Updated on 7-8-2015: This rating was lowered to reflect increased competition in the space from Apple and Google. For more on how we rate products, see our scoring breakdown.
Technology has been a key part of Hyundai’s effort to shoulder its way into the company of up-market automakers.
It is no surprise, then, that the company’s Blue Link infotainment system is among the most advanced in the business. After this year’s update, it boasts a truly dazzling number of features – enough to make it competitive with just about any system on the market.
Unfortunately, Blue Link can’t fully live up to its promise. Critically, Blue Link lacks a truly intuitive user interface, which makes it difficult to actually access many of the system’s features. As a result, Blue Link is an above average system that can’t quite break into the top tier.
Ease of use
Hyundai says it designed Blue Link to work like a smartphone and in some respects it is easy to see that. The system is built around a series of menus with app buttons familiar to anyone who has used to a tablet or smartphone, which is to say: everyone. As a result, it is fairly easy to navigate from place to place.
Once the user has navigated the system to the desired location, things fall apart a bit. The features themselves are not always logically organized. Take for example the process of streaming music from a phone. Unless a phone is already paired, the music button is blacked out. Instead, the user must pair the device through the phone menu. Not a big problem in and of itself … but there is more.
Blue Link is an above average system that can’t quite break into the top tier.
When I plugged in my phone to charge via the USB, I was unable to use any of its audio apps. If I tried to play an audio book via Audible, whatever I had just been listening to via my iTunes library would immediately cut back in. I found this frustrating, but assumed I could switch the system to Bluetooth streaming where the app had worked just fine. Silly me! Despite spending a great deal of time and effort, when my phone was directly plugged into the USB port, I was unable to find any way to switch Blue Link from the USB connection back to Bluetooth.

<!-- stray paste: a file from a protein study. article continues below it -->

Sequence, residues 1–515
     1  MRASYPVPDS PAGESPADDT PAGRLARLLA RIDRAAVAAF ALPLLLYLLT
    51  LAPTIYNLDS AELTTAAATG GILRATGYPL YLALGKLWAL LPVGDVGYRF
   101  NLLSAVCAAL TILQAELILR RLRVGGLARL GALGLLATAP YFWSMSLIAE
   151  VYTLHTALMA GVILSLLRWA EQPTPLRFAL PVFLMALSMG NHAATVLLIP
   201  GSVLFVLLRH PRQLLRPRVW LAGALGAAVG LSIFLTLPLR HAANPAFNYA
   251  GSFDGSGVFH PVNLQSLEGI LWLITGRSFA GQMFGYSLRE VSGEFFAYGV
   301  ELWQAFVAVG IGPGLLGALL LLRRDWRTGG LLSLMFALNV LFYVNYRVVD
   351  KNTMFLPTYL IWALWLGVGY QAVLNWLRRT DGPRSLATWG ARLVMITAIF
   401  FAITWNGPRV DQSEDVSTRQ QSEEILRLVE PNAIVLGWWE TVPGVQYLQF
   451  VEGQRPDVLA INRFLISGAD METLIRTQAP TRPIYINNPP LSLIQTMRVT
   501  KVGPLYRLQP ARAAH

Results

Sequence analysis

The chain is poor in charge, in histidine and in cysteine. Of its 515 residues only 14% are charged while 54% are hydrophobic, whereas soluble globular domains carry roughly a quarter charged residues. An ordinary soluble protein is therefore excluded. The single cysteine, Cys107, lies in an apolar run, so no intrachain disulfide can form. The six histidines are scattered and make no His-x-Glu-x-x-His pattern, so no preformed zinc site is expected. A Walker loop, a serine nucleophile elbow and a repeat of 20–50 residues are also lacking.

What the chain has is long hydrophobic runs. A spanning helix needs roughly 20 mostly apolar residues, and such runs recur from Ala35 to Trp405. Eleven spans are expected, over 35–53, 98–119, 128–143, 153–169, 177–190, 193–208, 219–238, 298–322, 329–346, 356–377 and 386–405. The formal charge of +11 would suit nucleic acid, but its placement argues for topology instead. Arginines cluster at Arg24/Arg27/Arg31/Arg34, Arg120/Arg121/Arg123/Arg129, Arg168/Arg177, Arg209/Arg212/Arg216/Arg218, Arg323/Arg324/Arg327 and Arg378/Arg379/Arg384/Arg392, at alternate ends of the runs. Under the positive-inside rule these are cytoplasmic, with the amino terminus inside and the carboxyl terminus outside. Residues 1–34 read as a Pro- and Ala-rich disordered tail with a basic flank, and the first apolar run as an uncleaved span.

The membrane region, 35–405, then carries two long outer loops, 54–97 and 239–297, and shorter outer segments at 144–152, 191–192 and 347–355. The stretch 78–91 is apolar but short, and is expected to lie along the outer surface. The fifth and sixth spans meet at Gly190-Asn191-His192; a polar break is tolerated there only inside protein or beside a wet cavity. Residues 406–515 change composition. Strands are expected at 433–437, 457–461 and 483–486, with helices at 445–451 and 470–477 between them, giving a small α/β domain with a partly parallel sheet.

This isn’t to say that this task is impossible. There might be a way that I was unable to discover, but it is indicative of how settings and features are hidden in this system. I frequently found that basic things were easy to accomplish, but that anything even slightly complicated was nightmarish.
People who use this system everyday will no doubt figure out all of its nooks and crannies, making this less relevant in the long run. But getting to that point is going to be frustrating, and it may prevent less tech-savvy users from accessing a lot of what Blue Link has to offer.
User alienation would be a shame. As I said in the introduction, Blue Link is loaded with features. The obvious stuff like navigation, Bluetooth streaming, satellite radio, and voice recognition are all there. For the user who is willing to dig deeper, however, there is much more.
For starters Blue Link features more Internet radio services than you can shake a “cloud” at (see what I did there?). A fully tricked-out system features Pandora, Aha radio, and Sound Hound. Anyone who needs more Internet radio than that may want to consult a professional.